A 1913 law provided state aid to counties to construct the Midland Trail, with a general route defined. Initially it was to follow the present US-6 via Woodside between Price and Green River, but an amendment changed it to the existing state road through Buckhorn Flat (east of Castle Dale).[20][21] Travelers began using the Midland Trail through eastern Utah in early July 1913, and the road through Price Canyon, replacing a detour via Willow Creek Canyon (US-191) and Emma Park,[22] was completed by the men of Price later that month.[23] A.L. Westgard of the National Highways Association praised the improvements to the road since the previous year, singling out the Price Canyon segment as "almost beyond comprehension".[24] Although it was hoped that it would become part of the Lincoln Highway, the high mountain passes in Colorado convinced that association to designate a route farther north through Wyoming in September 1913. Midland Trail promoters were not discouraged; instead they were determined to continue to improve to the route to make it better than the Lincoln Highway.[25]

The shorter route via Woodside rather than Castle Dale was considered again in 1916, due to problems with maintaining the latter and a new bridge over the Price River at Woodside,[26] and it was adopted as a state road in April. The piece northwest of Sunnyside Junction had already been designated as part of a state road to Sunnyside, the rest of which still exists as SR-123. A cutoff from Springville south to Moark Junction via Mapleton was also added that year.[27]

A 1919 law redefined the state highway system to include only a short list of roads and any federal aid projects. At the urging of Grand County, the route that corresponded to the Midland Trail was realigned to the longer but more scenic road along the Colorado River between Moab and Cisco, including the new Dewey Bridge.[28][29][30] In response to a Carbon County request, the law also removed Price Canyon from the route, instead taking it along the older road through Willow Creek Canyon and Emma Park.[31] Finally, the older route from Spanish Fork to Moark Junction was dropped in favor of the 1916 addition from Springville.[32] Four years later, both counties had changed their minds,[33] and the legislature changed the route back. The Moab-Cisco River Road was entirely dropped (though it was redesignated in the early 1930s as SR-128), but both the Price Canyon and Emma Park routes remained.[34] Also that year, the Bureau of Public Roads approved Utah's seven percent federal-aid system in accordance with the Federal Aid Highway Act of 1921, including the Springville-Colorado segment of the Midland Trail.[35]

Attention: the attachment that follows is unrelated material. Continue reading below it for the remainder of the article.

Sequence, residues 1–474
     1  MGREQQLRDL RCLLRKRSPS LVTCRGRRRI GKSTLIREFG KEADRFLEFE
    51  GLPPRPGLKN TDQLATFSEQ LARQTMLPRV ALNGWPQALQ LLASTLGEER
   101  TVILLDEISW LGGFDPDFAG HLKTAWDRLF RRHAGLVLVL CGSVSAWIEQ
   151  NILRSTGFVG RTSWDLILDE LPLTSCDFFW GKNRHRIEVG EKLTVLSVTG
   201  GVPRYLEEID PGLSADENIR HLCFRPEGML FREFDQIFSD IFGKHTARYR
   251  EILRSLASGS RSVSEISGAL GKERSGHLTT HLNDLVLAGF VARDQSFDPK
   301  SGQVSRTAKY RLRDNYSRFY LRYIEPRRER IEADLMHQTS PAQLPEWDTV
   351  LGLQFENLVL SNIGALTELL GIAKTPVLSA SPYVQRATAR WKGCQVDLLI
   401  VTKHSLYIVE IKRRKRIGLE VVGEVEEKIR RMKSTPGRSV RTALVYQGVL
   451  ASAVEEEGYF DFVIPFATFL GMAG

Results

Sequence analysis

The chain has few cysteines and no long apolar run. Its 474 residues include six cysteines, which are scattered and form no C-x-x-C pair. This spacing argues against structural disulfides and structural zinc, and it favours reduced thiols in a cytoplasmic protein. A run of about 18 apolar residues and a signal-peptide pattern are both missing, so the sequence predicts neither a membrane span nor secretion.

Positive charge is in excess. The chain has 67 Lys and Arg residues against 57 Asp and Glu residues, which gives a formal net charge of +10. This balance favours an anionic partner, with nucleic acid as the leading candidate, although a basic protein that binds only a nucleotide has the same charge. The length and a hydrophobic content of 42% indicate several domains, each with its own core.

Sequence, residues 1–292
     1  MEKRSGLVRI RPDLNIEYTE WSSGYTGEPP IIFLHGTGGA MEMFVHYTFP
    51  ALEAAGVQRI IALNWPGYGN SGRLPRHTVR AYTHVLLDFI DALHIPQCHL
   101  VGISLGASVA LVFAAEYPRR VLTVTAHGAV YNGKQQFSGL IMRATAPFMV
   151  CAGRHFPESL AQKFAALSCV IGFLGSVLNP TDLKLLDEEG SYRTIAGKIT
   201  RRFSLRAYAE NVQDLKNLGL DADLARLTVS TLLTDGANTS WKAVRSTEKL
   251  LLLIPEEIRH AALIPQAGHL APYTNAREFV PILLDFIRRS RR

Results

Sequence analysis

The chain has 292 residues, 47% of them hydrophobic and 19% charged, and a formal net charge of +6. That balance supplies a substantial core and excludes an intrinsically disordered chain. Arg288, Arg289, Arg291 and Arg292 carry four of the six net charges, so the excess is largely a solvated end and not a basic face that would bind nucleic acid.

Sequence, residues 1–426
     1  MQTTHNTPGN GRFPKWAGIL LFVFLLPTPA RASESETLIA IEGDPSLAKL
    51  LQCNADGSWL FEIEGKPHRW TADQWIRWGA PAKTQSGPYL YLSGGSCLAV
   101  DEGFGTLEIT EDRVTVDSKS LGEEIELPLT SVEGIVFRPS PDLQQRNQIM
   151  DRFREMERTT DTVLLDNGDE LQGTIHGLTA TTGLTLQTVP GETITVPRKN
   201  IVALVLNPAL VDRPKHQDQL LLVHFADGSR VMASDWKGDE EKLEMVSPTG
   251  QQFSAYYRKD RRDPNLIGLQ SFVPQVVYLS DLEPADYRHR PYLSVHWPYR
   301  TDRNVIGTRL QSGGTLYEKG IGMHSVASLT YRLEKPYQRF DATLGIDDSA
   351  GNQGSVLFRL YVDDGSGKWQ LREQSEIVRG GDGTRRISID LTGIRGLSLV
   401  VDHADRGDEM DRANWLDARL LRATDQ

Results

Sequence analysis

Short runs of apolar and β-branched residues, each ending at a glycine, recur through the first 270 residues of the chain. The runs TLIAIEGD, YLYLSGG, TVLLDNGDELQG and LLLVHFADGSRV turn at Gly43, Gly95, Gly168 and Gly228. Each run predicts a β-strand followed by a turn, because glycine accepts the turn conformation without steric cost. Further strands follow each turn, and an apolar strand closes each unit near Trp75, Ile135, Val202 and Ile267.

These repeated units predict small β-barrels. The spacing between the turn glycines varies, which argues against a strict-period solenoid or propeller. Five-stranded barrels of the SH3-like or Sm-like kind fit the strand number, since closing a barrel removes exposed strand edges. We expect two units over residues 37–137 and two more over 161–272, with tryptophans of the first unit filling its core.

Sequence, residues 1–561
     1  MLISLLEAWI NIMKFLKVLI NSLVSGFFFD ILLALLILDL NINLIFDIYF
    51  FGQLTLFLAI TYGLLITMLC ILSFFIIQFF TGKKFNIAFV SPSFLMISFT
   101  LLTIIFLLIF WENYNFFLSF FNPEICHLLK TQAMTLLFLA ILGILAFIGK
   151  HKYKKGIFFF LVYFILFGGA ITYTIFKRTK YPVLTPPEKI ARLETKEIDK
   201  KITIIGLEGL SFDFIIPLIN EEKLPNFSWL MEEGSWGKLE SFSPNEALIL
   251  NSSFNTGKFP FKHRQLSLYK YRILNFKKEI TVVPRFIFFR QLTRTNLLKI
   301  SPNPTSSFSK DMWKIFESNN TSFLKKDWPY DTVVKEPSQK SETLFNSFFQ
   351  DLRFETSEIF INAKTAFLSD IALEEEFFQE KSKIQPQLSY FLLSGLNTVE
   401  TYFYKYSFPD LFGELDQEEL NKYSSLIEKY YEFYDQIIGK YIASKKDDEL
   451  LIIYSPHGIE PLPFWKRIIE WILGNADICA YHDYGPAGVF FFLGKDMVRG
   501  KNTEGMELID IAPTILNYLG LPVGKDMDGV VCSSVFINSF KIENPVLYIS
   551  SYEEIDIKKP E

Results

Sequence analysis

In the 1920s, the State Road Commission numbered the Springville-Colorado roadway as State Route 8.[36] Several years later, in 1926, it also became part of U.S. Route 50, which continued east to Annapolis, Maryland (west of Thistle, the road was initially not part of US-50; instead it was the north end of US-89, which ended at Spanish Fork, leaving the Moark Junction-Springville road as simply SR-8).[10][37][38] The legislature officially adopted the SR-8 designation in 1927, dropping the Emma Park alternate, and designating two other roads as SR-8: the Spanish Fork-Moark Junction road, which had been dropped in 1919, and a branch from Soldier Creek Junction northeast via Nine Mile Canyon to Myton,[39] which had been part of the 1919 system.[40] The Myton spur was split off in 1931 as SR-53,[41] and the Spanish Fork spur became SR-105 in 1945.[42]

The state completely reconstructed US-50 east of Spanish Fork in 1930 and 1931, eliminating most curves and railroad grade crossings, and shortening it by 14 miles (23 km).[43][44]

[45]

Utah Valley to Nevada[edit]

The Grand Central Highway was the local name for the road beginning at the Lincoln Highway in Ely, Nevada and running east and northeast through Delta and Eureka to the Arrowhead Trail in Santaquin.[46] Due to its avoidance of the Great Salt Lake Desert that the Lincoln Highway passed through, Ely garage owners were promoting it as the best route to Salt Lake City by May 1921.[47] For the same reason - long stretches of desert - Grand Central Highway promoters believed it to be superior to the Arrowhead Trail for Los Angeles-bound travelers.[48] The Eureka Commercial Club posted a billboard in Santaquin in July, advertising the "shortest and best all year route to California".[49] The Midland Trail Association, whose trail followed the Lincoln Highway's route between Salt Lake City and Ely, adopted the Grand Central as an official alternate route in June 1922.[50] The next year, the state legislature added the road from Santaquin to Silver City (southwest of Eureka) to the state highway system,[51] and in 1925 it was extended to Delta.[52] Along with the road southeast from Delta to Holden, this was designated State Route 26 in 1927, and at the same time the road west from Delta to Nevada was added to the system as State Route 27.[53] (The portion in Nevada became SR 14 in 1925.[54])